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How To: Go To An Italian Beach

ITALY | Saturday, 2 July 2011 | Views [2046] | Comments [1]

So, at least in this area of Italy, going to the beach is a completely different experience to what it is in New Zealand.

Back home, no-one's too far from the beach (although Italy's a long, thin country too), so you just pack up the car (maybe walk, if you're lucky), grab your togs and boardies, a beach umbrella, towels, jandals, maybe pack a picnic, take a magazine, lots of water, boogie boards, sunscreen, perhaps a wee beach tent and a surfboard, or a kayak or something.  Sports equipment, if you're going to play beach volleyball or cricket.  Maybe a bucket and spade, if you're the sandcastle type.  

In other words, if you are going to a really decent beach, you will most likely be prepared for the whole day, because you'll be somewhere reasonably remote, and there's probably just a dairy with the basics, and ice-creams.

And you go.  You park the car about 30m away from the beach, you wander down, you pick a patch, and you set up camp for the day.  If you ever want to go to the loo, you'll probably have to a)go on a mission to the one block of public toilets that are slightly run-down and probably a wee way away, or b) just find a spot behind some bushes.  If you want food, you go to the dairy, or you starve (unless you were smart and packed stuff, or have amazing fishing and fire-constructing abilities).

In Italy, as I recently discovered, it's a rather different experience.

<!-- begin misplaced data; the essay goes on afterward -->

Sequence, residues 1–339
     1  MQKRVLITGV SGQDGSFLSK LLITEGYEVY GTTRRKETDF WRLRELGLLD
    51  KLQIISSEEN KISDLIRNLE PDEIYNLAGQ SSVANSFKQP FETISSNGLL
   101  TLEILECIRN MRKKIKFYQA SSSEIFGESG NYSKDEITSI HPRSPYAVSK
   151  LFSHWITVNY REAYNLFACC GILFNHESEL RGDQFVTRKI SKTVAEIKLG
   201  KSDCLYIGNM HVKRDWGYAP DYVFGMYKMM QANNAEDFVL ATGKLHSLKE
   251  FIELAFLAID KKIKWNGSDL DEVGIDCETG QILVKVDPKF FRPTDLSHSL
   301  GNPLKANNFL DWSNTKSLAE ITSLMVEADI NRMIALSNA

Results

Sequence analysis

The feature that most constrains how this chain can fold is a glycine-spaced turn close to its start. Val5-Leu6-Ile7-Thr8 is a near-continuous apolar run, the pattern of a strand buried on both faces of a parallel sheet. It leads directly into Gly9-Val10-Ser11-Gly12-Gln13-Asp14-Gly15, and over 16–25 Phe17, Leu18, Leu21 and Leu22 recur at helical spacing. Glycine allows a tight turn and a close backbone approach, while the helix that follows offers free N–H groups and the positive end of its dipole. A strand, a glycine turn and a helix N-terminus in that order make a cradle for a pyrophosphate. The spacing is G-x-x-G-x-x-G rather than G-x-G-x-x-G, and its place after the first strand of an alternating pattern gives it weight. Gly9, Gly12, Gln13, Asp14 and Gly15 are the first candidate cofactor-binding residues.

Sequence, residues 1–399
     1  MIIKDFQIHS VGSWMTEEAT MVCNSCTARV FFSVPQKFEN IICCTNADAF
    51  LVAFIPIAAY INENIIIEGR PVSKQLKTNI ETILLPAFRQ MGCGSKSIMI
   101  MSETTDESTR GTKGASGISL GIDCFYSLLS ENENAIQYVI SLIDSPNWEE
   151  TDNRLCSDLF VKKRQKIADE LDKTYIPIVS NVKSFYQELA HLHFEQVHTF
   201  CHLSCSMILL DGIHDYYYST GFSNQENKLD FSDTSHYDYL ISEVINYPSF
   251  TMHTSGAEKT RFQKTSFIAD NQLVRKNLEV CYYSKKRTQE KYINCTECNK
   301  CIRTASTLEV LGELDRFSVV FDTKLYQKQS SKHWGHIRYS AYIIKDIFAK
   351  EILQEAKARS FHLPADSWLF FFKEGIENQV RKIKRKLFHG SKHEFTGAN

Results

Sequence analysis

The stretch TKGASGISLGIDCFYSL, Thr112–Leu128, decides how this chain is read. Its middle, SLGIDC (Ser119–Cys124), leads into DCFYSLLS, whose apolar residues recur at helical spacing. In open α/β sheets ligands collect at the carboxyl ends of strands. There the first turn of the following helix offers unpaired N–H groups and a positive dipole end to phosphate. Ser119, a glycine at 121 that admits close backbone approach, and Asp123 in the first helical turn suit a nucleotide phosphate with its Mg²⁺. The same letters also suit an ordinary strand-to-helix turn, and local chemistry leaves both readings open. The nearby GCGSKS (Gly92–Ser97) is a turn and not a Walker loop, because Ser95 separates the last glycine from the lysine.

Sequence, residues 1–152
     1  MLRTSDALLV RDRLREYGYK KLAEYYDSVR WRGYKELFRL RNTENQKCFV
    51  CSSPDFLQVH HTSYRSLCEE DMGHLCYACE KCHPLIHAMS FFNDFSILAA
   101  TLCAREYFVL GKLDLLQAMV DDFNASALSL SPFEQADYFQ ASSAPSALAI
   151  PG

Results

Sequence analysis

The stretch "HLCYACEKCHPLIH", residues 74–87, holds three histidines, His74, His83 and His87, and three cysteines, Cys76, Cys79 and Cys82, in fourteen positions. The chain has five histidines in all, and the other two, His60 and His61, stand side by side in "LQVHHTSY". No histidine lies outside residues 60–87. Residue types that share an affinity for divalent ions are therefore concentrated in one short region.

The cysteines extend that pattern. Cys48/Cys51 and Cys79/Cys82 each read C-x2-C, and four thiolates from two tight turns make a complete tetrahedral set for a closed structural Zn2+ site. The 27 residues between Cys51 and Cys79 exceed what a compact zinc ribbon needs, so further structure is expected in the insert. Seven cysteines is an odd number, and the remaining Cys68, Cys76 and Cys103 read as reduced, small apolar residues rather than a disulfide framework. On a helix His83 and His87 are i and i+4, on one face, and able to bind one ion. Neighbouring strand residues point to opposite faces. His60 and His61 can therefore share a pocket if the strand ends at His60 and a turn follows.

I went on a beach trip with a couple of friends, and we decided not to go to the really nice-looking beach, since it cost 20€.  Per person.  To get onto the beach.  Admittedly, there are sun loungers, bars, etc, but still.

We were going to go to this free beach... but it was kind of full, dirty, and small.

Luckily, Anna was smart and we went for a walk, and found that entry (without a chair or umbrella) to the beach next door (Conte) was only 3€50 per person.  Ie all 4 of us could get in for the price of one person at that other beach!

Managed to find a spot (lots of people got in earlier than us, and when they have sunloungers they take up quite a lot of room) beside the lifeguard and the little boats they hire out.  This definitely had its advantages, as we could steal some of his shade from his umbrella, and sit on the boats, etc.  Well done, Anna!

The lady next to us was wearing jandals.  With a small heel.  Seriously.  High-heeled jandals on a beach.  Now I've seen it all.

There was also a bunch of people who seemed to be spraying themselves with oil...  I guess they enjoyed baking?  Perhaps wanted to know what it felt like to be a potato chip?  Because that sun was hot.

Also, most guys will wear speedos, and most women will wear bikinis... even if they're more mature.  Pretty much no-one will wear boardshorts or, if my experience is anything to go by, cover up to protect themselves from the sun when they're not in the water.

The good things about paying for beaches are that...

  1. there are toilets.  But that doesn't mean they'll have paper or soap!
  2. there are changing sheds.
  3. there's a shop with reasonably-priced food, and tables to eat it at.
  4. there is car-parking (because the streets are pretty narrow in some places around here, and I would kinda be worried about my car getting dinged).

So, if you are a Kiwi in Italy, do not expect going to the beach to be the same!

Tags: beach, cultural differences, going to the beach, italy, new zealand

 

Comments

1

Thank you. You have prepared us, although in October, I doubt we will be going to the beach. This is what I love about traveling...can you imagine your Italian friends going to NZ and what they would think of your beach outings (which are similar to ours)? Although!....I do not think a bikini will ever, in any circumstance that I could possibly imagine...EVER (may I emphasize that?) again grace this particular body. And yes, you are welcome for that bit of elderly female restraint :)

Thanks for the post...keep it up.

  Dee Jul 3, 2011 1:34 AM

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Moi, up Mont St Clair in Sète, with my wee Kiwi, Kingi.

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